A survey of over 170,000 black holes using Nasa's Wide-field Infrared Survey Explorer has led astronomers to reexamine a long-standing theory about the appearance of the celestial objects.
The "doughnut theory" based on the shape of black holes was first developed in the late 1970s to explain why black holes can differ in shape, although they are similar in nature. While some are exposed and easy to see, others appear to be disguised by dust.
Scientists proposed that each black hole is surrounded by a doughnut-shaped structure called a torus. The black holes take on different appearances, depending on how their "doughnuts" are positioned.
Yet now, results from Nasa's Wise telescope has brought the theory into question.
Lin Yan, of Nasa's Infrared Processing and Analysis Center, told Clarksville Online: "Our finding revealed a new feature about active black holes we never knew before, yet the details remain a mystery. We hope our work will inspire future studies to better understand these fascinating objects."
The study focuses on supermassive black holes, which feed on surrounding gas material. Using computers, scientists examined over 170,000 of the galactic objects observed by Nasa's Wise and measured the level of clustering in both obscured and visible black holes.
If the doughnut theory was correct, there would be no disparity in grouping between the two types of black holes, as they are simply the same object observed from different angles.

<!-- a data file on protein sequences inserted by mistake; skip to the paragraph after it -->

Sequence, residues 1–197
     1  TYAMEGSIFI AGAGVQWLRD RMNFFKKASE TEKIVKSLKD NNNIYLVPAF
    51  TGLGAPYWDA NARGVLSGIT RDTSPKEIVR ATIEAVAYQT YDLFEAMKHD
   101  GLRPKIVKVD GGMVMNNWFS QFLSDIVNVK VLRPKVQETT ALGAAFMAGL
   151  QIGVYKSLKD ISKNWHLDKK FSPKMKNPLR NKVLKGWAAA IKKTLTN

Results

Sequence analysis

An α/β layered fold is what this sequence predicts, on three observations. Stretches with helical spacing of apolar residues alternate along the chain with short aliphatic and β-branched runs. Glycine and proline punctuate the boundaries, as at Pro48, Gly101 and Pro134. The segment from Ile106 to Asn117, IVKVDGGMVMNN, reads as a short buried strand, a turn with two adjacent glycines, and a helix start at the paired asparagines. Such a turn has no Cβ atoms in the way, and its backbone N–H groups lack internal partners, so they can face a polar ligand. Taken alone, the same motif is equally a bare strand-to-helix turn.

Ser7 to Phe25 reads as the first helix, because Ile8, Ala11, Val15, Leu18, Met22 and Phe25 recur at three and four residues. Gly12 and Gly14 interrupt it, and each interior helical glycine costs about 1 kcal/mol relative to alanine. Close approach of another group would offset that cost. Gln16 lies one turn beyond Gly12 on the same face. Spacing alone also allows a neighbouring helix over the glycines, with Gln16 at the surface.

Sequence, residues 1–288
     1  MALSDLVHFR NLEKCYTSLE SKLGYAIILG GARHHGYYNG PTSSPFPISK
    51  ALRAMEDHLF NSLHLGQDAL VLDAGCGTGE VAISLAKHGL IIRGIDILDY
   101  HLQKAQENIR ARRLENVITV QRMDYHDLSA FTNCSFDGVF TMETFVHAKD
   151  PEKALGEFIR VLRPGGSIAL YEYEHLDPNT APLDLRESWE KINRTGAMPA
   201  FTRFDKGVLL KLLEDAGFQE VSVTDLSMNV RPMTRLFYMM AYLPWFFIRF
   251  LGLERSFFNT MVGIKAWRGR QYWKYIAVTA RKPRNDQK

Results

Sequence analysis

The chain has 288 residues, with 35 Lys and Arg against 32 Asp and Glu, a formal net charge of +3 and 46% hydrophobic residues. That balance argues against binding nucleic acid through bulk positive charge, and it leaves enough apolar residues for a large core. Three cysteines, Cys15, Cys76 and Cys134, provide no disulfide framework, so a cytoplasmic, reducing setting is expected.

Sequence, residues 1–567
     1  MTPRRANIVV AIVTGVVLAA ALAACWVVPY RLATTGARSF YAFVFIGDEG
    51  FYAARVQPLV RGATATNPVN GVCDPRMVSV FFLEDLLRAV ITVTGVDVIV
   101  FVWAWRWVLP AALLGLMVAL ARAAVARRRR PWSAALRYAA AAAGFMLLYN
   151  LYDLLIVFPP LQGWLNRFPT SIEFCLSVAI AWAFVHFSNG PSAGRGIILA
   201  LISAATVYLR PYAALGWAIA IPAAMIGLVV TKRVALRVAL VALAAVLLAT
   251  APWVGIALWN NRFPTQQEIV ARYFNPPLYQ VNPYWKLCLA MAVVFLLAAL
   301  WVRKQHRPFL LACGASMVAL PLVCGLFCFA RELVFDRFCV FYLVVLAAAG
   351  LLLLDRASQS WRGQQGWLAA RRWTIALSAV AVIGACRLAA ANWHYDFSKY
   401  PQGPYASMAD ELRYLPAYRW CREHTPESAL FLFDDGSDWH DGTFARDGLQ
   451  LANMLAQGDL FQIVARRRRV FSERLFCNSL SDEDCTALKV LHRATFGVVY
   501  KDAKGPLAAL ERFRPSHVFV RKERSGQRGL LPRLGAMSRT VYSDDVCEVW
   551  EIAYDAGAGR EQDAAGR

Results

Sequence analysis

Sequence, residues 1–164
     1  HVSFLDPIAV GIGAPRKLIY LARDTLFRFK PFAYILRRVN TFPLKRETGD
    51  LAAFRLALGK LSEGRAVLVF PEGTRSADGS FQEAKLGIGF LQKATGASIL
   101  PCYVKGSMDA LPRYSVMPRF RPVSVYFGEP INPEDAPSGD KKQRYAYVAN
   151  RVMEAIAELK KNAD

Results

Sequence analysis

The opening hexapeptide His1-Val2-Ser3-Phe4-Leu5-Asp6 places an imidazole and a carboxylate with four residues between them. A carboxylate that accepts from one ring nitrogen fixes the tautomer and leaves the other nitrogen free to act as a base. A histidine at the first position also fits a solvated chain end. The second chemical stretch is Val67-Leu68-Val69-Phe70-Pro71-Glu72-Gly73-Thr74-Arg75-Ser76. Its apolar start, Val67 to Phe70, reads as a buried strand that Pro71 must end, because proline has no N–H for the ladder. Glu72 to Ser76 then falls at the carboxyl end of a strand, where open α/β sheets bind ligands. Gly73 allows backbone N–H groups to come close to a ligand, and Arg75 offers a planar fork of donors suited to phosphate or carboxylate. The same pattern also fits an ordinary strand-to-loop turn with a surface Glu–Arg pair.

However, analysis of the data showed an increase in the level of clustering for black holes with an obscured core, which suggests that the two types of black holes are potentially not identical in their makeup.
Dark matter, a hypothesised matter believed to account for effects that appear to be the result of invisible mass, may be more concentrated around large galactic clusters, affecting the exposure of black holes.
"The main purpose of unification was to put a zoo of different kinds of active [black hole] nuclei under a single umbrella," Emilio Donoso, of the Instituto de Ciencias Astronómicas in Argentina, told the Tech Times.
"Now, that has become increasingly complex to do as we dig deeper into the WISE data," he added.
"The unified theory was proposed to explain the complexity of what astronomers were seeing," Daniel Stern of the Jet Propulsion Laboratory in Pasadena, California, told Authintmail.com.
"It seems that simple model may have been too simple," he added. "As Einstein said, models should be made 'as simple as possible, but not simpler'."
The research was published in The Astrophysical Journal.